Coins, medals minted by masters in Franklin Park
Marco Timm demonstrates how they hand engrave the dyes for a medal on Thursday, July 19, 2012 at Mint Masters in Franklin Park. Mint Masters, a family owned company manufacturers Custom Coins, Military Coins, Service Coins and other custom medals.| Rob Hart~Sun-Times Media
Address: 9136 Belden Ave, Franklin Park, IL 60131
Updated: August 27, 2012 6:17AM
FRANKLIN PARK — Walking through Mint Masters is like taking a walk on Treasure Island, but easier.
You don’t have to dig for a chest of gold doubloons. The business has plenty of examples of coins and medals lying in small boxes throughout the shop.
Siblings Kerstin Mourar and Marco Timm of Elmwood Park run the business, which is in its 25th year. They create commemorative coins and pins for military, government, sports and corporate uses, to honor achievements or milestones.
If you’re a college football fan, you might have seen their work at the beginning of the Rose Bowl. They create the coin that gets flipped to determine who kicks off and who receives.
The business started as a joint effort between their parents — who ran a die casting and engraving business — and some people who worked at a different mint and wanted to go into business for themselves.
Over time the non-family members left the business. Meanwhile, Mint Masters took up more and more of the business of die casting and engraving.
“Eventually, we became their only customer,” Mourar said. “My mother and I like to say it was an aggressive takeover because we were their largest customer.”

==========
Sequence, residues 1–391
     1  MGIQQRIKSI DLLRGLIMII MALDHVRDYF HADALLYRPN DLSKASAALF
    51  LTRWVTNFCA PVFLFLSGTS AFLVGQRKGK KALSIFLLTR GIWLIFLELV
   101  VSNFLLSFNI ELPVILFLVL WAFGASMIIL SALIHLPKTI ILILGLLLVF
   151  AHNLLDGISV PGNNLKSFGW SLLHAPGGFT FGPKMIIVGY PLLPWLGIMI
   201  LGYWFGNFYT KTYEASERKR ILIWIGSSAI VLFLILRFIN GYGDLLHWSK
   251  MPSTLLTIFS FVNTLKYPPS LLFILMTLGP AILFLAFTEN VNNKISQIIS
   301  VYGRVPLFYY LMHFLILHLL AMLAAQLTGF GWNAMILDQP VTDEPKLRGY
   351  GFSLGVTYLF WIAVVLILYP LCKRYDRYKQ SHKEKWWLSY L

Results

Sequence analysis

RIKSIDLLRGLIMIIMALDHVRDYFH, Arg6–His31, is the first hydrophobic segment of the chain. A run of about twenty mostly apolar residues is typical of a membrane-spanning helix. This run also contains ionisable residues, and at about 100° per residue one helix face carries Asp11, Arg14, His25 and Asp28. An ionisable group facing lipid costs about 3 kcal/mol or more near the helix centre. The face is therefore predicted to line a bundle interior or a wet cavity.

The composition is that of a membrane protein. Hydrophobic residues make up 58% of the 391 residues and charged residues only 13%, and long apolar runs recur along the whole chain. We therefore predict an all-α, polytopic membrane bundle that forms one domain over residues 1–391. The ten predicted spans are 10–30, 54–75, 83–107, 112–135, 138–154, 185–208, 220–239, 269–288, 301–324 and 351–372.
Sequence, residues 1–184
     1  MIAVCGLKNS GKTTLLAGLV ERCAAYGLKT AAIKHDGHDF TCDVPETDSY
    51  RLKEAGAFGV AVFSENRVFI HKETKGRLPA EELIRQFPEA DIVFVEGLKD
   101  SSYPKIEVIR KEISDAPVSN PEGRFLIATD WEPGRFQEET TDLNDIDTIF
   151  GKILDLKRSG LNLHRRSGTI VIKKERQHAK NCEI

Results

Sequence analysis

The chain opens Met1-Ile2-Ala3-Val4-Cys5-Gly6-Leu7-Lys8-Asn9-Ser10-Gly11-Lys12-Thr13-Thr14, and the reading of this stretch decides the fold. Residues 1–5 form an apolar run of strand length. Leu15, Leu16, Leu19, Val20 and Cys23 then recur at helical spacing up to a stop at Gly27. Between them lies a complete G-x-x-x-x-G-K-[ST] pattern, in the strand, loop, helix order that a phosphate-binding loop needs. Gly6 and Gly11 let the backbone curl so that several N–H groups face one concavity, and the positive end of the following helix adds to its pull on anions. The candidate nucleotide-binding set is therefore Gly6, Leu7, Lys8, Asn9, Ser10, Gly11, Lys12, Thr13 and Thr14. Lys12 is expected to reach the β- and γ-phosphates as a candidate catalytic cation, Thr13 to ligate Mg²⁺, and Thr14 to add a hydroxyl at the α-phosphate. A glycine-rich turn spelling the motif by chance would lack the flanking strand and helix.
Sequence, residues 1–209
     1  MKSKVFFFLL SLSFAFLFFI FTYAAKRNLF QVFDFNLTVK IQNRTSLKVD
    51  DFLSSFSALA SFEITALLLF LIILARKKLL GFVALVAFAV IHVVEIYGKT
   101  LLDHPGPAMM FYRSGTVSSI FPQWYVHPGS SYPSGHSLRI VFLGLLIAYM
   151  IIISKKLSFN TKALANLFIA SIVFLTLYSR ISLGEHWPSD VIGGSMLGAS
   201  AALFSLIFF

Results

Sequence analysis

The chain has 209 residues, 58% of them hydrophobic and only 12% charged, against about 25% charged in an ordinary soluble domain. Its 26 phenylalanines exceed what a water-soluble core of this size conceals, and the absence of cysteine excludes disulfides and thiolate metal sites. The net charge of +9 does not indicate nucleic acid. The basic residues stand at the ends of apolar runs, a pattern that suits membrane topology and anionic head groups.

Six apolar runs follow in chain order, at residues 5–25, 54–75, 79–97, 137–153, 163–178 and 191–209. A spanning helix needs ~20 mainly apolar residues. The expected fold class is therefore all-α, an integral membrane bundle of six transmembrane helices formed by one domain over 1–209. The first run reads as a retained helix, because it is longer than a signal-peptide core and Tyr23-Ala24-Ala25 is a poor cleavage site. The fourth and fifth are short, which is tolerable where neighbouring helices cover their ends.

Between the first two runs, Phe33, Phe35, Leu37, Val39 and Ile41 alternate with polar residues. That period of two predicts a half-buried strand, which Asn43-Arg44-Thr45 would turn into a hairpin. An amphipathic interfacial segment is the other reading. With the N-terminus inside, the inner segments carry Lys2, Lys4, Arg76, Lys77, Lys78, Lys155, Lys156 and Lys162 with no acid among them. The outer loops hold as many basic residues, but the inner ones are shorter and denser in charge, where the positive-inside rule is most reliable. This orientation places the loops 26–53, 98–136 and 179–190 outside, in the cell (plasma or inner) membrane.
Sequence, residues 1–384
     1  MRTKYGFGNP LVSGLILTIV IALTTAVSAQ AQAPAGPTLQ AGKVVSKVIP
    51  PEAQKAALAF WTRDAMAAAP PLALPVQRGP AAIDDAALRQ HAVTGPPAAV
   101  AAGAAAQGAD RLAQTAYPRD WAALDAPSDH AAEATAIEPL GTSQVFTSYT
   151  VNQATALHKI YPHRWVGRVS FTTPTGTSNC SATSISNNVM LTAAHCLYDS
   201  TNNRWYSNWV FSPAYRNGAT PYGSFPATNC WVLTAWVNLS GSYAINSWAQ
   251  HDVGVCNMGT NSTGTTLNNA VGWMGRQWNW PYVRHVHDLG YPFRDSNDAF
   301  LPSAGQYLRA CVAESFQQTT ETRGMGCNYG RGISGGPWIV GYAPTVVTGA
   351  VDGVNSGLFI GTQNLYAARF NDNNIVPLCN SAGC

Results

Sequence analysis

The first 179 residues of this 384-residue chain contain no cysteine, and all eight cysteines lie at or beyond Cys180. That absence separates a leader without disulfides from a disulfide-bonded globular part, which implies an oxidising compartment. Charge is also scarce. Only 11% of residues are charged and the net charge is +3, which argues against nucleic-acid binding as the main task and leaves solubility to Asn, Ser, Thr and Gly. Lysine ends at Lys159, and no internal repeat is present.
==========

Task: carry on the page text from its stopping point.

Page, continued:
In 1998, they bought a 2,500-square-foot building at 9136 Belden Ave. in Franklin Park and the two businesses merged. Over the years it expanded to just over 9,000 square feet.
The coins begin with artwork from the customer. Timm and staff focus the design and recreate it both by hand and computer.
The design then gets turned into a die, a metal disk.
“Sometimes you can’t get the detail unless you do it by hand,” Timm said.
The die gets put into machine. Metal disks called blanks made of brass, nickel-silver or copper are hand-fed into the machine and punched with the design.
Then comes the finishing that includes polishing, lacquer and some optional treatments such as having color added.
Clients range from the military, high school sporting associations, universities and U.S. presidents.
Several presidents — Democratic and Republican – have given out Mint Masters-made coins as a token of appreciation or for fallen soldiers’ graves.
The director of the CIA has used their services, so has the Illinois High School Association. Other current customers include Emporia State University in Kansas, the Iowa High School Sports Association and the 25th anniversary or the South Dakota Lottery.
The orders are small ranging from 250 to 500 pieces. They are also high quality, with perhaps five other mints in the country doing work at the level Mint Masters does, Mourar said. Much of the work has moved to China, where companies can create cheaper items but of lower quality.
They have a dozen employees who are almost all cross-trained in every step of the process.
“Everyone in the factory has the power, if they don’t like the way something looks, to stop the job and question it,” Mourar said.
It’s not easy.
“My job is to make the coin look like the artwork,” Timm said. “Do the whole process and still have it look that look.”